To avoid ever-worsening and extreme climate and weather events, global warming needs to be below 1.5 per cent (since pre-industrial times), according to the International Panel on Climate Change (IPCC). However, carbon dioxide levels are reaching record highs every year. In 2020, the amount of it in the atmosphere was as high as it was four million years ago when the Earth was 2°C to 4°C hotter. At the time, sea levels were 10 to 25 metres higher than they are now.

However, it is not the only greenhouse gas responsible for global warming. Methane-emitting fossil fuels, like natural gas, are just as problematic for the Earth’s atmosphere. Methane traps up to 86 times more heat over 20 years than carbon dioxide, increasing temperatures more quickly in the short term.

Carbon dioxide and human life

Carbon dioxide can be useful to humans, as it helps to keep the Earth warm enough for life to exist in appropriate concentrations. Plants also use it to produce carbohydrates through photosynthesis, and carbohydrates are important for peoples’ nutrition.

It is not especially harmful to humans either, unless absorbed in high quantities. At high enough levels, like in a closed room with poor ventilation, carbon dioxide levels can negatively impact someone’s ability to function. This is because it is an asphyxiant, affecting brain activity. These effects range from fatigue to headaches and loss of consciousness. Carbon dioxide poisoning can even lead to a coma or death.

How humans raise carbon dioxide levels in the atmosphere

About 31.5 gigatonnes of carbon dioxide were released into the atmosphere in 2021 (one gigatonne is equal to the weight of about 200 million elephants). This followed a slight slump in 2020 owing to the COVID-19 pandemic. Human beings are responsible for most of the rise in greenhouse gas emissions in the last 150 years.

The primary source of carbon dioxide emissions is the burning of fossil fuels, like coal and oil for energy. Coal is the fossil fuel with the highest carbon dioxide emissions. It is also released into the atmosphere through deforestation and land-use changes. The destruction of the Amazon forest shows how devastating deforestation can be for the climate. The Amazon, with an estimated 390 billion trees, stores roughly twice the amount of the compound emitted by the United Kingdom since 1750. Deforestation results in the release of the stored carbon dioxide into the atmosphere. Each year, the Amazon emits one billion tonnes more carbon dioxide than it can absorb, according to a new study.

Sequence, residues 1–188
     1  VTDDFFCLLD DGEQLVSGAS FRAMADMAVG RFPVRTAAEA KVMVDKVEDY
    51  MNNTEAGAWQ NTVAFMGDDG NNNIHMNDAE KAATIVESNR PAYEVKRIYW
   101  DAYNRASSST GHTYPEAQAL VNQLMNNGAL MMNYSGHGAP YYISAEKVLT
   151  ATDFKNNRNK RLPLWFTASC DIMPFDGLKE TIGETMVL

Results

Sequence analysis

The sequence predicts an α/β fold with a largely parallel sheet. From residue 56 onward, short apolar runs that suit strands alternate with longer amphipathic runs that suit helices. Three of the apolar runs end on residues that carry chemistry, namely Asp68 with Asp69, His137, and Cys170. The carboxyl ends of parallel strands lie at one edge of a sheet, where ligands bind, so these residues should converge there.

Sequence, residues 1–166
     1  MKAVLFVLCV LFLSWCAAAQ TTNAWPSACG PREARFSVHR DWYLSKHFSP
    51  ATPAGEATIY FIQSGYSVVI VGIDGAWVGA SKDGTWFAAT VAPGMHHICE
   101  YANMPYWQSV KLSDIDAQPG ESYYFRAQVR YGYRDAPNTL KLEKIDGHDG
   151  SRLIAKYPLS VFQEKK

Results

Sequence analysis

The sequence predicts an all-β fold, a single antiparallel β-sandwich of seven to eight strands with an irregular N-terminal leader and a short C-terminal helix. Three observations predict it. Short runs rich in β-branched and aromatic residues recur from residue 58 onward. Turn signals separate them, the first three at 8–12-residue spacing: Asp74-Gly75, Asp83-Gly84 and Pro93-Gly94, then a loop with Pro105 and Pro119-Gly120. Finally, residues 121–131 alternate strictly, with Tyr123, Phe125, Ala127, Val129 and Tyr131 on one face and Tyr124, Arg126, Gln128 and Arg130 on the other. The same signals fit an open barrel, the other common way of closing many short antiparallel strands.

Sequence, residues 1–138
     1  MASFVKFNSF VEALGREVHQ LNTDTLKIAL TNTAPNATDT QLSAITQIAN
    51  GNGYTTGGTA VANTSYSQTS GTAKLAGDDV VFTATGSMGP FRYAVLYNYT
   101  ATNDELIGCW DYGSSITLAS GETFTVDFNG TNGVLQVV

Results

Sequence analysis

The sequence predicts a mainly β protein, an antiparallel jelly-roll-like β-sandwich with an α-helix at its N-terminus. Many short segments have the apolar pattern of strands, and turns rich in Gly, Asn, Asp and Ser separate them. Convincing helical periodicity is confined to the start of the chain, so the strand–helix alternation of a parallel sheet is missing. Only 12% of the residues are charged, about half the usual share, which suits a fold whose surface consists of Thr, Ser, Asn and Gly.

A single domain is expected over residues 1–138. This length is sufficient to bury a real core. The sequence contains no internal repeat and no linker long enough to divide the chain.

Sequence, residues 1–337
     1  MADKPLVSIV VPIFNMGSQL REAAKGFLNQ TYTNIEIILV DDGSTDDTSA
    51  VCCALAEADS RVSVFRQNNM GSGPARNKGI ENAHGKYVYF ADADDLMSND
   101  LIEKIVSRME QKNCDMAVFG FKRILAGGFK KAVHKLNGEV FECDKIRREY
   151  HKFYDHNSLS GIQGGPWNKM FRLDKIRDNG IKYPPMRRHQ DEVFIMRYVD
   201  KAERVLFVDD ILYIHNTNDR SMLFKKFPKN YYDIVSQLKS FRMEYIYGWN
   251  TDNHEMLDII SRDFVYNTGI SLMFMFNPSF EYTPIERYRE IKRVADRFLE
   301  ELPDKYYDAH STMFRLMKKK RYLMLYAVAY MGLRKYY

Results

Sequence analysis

Deforestation in the Amazon forest is causing the release of millions of tonnes of carbon dioxide every year.

A section of the Amazon rainforest in Ecuador (Dallas Krentzel, CC BY 2.0, via Wikimedia Commons)

Pathways to reduce CO2 in the atmosphere

Greenhouse gas emissions have increased to such a degree that global warming will increase until at least 2050, the Intergovernmental Panel on Climate says. Global warming will take place throughout the 21st century unless there are “deep reductions in carbon dioxide and other greenhouse gas emissions”.

This increase in global warming will lead to changes in the Earth’s climate systems. The consequences of this will be extreme temperatures, droughts, marine heatwaves, more intense tropical cyclones, and a reduction in Arctic sea ice and permafrost. More extreme events, like ice sheet collapse and abrupt ocean circulation changes are possible, the IPCC says.

To mitigate against these outcomes, the world must reach net zero carbon dioxide emissions. There should be aggressive reductions in methane emissions too, according to the IPCC. Net zero means that the greenhouse gases entering the atmosphere are balanced by the amount of greenhouse gases removed. An investment of about 1.5 per cent of global gross domestic product is required to move the entire world away from its reliance on fossil fuels to clean energy, according to experts.

In South Africa, Eskom aims to reach net-zero emissions by shutting down coal-fired plants and replacing them with renewables by 2050. To achieve this, no new oil and gas fields or coal mines should be approved by the government, as recommended by the IEA’s Net Zero report.

What is carbon dioxide?